Syria: Stories from Raqqa
Some days, life seems normal in the city of Raqqa. The markets stay open until the late hours of the evening, people visit cafes and public parks, and playground toys are erected for children in public spaces where families sit on the grass.
However, shelling or clashes could begin at any minute. The city is under the control of various factions of the armed opposition. Forces loyal to Syrian president Bashar al-Assad still control three areas in the province, including the military airport in the city of Tabaqa, from where jet bombers periodically take off to bomb Raqqa.
Opposition brigades in the city include Free Sham, the Islamic State in Iraq and Sham (ISIS), and a Free Syrian Army affiliated brigade called the Grandchildren of the Prophet.
Residents fearful of the regime’s shells and bombs find themselves turning a blind eye to the violations of some of the armed opposition factions in Raqqa. Such violations include appropriating public or private property and arbitrary arrests of activists. There are also some cases of kidnapping.
It was in this unstable environment that Fatima Ibrahim began her artistic journey. The 50-year-old Kurd, with no education beyond elementary level, sculpts statues from clay in order to express herself. She places her sculptures on a wooden table in the corner of a small room on the roof of her house.
Ibrahim is dark skinned and wrinkled, with Bedouin tattoos adorning her face. Her house consists of two rooms with modest furnishings, and a small work room on the roof.
Originally from the Kurdish city of Kobani, Fatima now lives on the outskirts of Raqqa in the Ashwaiyyat area where the garbage accumulates and residents suffer from a lack of water. She lives with her disabled husband, five daughters, and three sons.
Ibrahim moved from Kobani to Raqqa around ten years ago. Her son in Lebanon sends her money from time to time.
Ibrahim came to art by chance. Her daughter, a student at the Faculty of Fine Art in Raqqa, told her she was taking a class in using clay. Ibrahim asked her daughter to bring her some, and she began sculpting.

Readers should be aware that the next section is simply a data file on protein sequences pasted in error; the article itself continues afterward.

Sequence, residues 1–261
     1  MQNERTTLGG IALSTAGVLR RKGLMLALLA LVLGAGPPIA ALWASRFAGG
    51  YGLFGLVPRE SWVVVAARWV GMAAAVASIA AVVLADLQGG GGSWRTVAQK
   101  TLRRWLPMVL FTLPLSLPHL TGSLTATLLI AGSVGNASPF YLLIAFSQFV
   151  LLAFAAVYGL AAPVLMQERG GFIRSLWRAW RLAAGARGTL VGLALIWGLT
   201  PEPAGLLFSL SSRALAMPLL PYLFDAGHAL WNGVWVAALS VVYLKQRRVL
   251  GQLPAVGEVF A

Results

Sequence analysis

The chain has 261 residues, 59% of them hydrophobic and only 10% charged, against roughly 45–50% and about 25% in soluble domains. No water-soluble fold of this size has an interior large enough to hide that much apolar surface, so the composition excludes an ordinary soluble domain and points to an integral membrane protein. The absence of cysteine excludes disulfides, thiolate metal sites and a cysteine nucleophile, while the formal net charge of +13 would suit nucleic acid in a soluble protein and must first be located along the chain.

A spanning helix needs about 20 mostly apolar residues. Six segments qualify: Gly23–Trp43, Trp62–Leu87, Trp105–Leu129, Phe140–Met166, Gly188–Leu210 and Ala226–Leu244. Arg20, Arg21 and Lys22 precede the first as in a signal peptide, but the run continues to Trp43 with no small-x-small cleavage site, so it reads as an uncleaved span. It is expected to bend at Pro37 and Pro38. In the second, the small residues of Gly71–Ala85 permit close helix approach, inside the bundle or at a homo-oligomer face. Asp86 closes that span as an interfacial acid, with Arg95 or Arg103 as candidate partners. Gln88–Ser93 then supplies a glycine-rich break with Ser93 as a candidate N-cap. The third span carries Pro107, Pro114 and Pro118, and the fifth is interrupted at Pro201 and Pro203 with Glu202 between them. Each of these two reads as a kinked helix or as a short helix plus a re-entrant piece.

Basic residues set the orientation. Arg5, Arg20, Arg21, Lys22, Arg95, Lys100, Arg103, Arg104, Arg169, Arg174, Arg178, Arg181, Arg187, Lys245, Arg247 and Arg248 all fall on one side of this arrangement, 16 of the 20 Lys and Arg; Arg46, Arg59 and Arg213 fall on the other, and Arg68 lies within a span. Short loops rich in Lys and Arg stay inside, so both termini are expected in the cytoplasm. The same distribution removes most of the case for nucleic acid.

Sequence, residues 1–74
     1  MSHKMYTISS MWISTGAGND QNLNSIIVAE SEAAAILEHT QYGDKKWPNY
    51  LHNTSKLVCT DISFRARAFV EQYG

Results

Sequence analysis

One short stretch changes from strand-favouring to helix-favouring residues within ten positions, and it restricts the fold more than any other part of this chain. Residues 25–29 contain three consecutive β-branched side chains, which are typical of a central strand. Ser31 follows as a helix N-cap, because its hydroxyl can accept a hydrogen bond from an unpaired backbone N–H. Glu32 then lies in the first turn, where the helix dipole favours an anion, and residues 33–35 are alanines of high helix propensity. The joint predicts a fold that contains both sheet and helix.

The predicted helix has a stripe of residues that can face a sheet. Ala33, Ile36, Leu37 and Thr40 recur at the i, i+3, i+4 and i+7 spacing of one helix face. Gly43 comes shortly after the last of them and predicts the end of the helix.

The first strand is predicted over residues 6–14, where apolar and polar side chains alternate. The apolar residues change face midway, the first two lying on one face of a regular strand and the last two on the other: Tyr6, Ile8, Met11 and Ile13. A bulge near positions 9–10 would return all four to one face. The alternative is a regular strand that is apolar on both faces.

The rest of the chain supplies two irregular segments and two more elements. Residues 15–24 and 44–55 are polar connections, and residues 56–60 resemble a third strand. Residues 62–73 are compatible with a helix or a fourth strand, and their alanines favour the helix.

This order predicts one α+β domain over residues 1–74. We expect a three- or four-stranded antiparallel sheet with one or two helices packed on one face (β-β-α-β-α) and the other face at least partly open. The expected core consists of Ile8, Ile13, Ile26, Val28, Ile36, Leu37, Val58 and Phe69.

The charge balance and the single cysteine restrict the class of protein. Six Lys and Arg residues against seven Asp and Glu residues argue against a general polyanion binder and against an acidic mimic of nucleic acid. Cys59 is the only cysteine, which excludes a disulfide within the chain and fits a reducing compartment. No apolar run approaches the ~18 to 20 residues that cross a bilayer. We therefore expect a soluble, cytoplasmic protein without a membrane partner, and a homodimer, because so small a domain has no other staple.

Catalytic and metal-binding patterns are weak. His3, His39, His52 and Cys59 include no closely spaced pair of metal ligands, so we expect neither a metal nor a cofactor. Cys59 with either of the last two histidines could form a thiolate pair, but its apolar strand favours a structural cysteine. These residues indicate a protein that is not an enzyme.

“My daughters were impressed with my work, and they think that I must have taken anatomy classes,” she said in her Raqqian-dialect Arabic. Ibrahim trusts her daughters’ judgment and believes that they are being honest with her, and that if her work was not good, they would not hesitate to say so.
Through her small sculptures, Ibrahim depicts various scenes she has witnessed herself or seen on television.
Each sculpture has a story. She points to one of them.
“These days, you will find a woman about to give birth forced to sit and wait at the border. Her house was destroyed and she was made homeless. What will she do if she goes into labour? Where will she put her newborn?” she asks.
One statue depicts a woman carrying her son and his umbilical cord as she flees from the conflict to a neighbouring country. She says this woman is raising her child to her lap, unafraid despite everything. Another piece depicts a scared mother with her children around her, wanting to leave but her relatives preventing her.
Ibrahim’s sculptures are not only of women. Another piece depicts a muscular man on his knees with his hands behind his back, despite his strength. Another man carries the corpse of a small child who might be his son or his neighbour’s son. Yet another shows neighbourhood residents jubilant at the arrival of the Free Syrian Army and receiving them with pots of tea.
Another shows a woman she calls “Khalaf’s wife”, telling her husband – who supports neither the regime nor the Free Syrian Army – that their farm has burned down.
In another piece, Ibrahim expresses the worry she herself constantly feels. She depicts herself cooking, her hand on her cheek, wondering when her son will send them money.
Ibrahim creates her sculptures from clay after mixing it with glue. She places them on wooden platforms to make them easier to carry.
“I apply glue and paint them. Some I leave unpainted; they are the colour of smoke. I use colours that express what Raqqa is witnessing,” she said.
Ibrahim, a natural artist who learned from continual practice, has been able to express deep and varied human emotion in men, women and children.
She wants people to see her work, and she is generous – she gives out free samples to artists and organisations such as the Women’s Association, the Organisation for the Deaf and Mute, and cultural centres that can help promote her work.
She hopes to be able to sell her work in the future. Currently, the dire living conditions in Raqqa preclude that.
Recently, Ibrahim joined several other Syrian artists for an exhibition in the southern Turkish city of Reyhanli entitled, “A Panorama of the Revolution, from the Cradle to Martyrdom.”
Ibrahim hopes to continue showing her work outside Syria.
This story was produced by the Damascus Bureau, IWPR’s news platform for Syrian journalists.